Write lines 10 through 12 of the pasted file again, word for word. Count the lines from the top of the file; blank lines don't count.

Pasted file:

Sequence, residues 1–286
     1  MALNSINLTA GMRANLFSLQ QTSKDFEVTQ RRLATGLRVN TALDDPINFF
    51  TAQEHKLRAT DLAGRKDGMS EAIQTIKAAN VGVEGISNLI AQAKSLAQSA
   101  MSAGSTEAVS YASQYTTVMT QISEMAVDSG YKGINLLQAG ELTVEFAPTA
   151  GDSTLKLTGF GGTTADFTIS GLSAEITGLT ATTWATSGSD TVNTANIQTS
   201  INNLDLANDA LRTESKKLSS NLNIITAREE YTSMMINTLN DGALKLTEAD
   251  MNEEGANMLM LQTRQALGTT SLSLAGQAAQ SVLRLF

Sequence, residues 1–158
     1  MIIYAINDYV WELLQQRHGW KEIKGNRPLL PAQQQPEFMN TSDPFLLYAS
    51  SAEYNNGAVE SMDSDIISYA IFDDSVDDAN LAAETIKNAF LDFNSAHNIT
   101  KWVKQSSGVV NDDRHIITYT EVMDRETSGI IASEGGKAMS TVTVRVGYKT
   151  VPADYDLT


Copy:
    51  SAEYNNGAVE SMDSDIISYA IFDDSVDDAN LAAETIKNAF LDFNSAHNIT
   101  KWVKQSSGVV NDDRHIITYT EVMDRETSGI IASEGGKAMS TVTVRVGYKT
   151  VPADYDLT